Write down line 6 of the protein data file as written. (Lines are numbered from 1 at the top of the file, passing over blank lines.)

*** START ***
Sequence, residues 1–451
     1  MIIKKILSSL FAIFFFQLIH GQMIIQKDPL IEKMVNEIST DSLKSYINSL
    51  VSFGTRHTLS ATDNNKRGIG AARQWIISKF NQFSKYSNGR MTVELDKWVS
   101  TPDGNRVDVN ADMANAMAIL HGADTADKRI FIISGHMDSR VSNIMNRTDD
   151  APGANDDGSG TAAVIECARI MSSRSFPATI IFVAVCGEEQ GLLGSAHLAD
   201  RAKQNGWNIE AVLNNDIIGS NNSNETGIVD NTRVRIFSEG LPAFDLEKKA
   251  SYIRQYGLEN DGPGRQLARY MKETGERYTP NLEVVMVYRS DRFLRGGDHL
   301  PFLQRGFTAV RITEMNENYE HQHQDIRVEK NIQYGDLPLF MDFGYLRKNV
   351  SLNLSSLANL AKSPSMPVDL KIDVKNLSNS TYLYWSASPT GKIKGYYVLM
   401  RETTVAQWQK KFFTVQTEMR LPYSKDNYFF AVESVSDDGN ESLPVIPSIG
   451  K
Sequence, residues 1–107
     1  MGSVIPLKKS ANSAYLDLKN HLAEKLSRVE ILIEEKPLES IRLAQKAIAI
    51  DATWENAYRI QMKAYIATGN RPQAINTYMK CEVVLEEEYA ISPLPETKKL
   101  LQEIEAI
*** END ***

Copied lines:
   201  RAKQNGWNIE AVLNNDIIGS NNSNETGIVD NTRVRIFSEG LPAFDLEKKA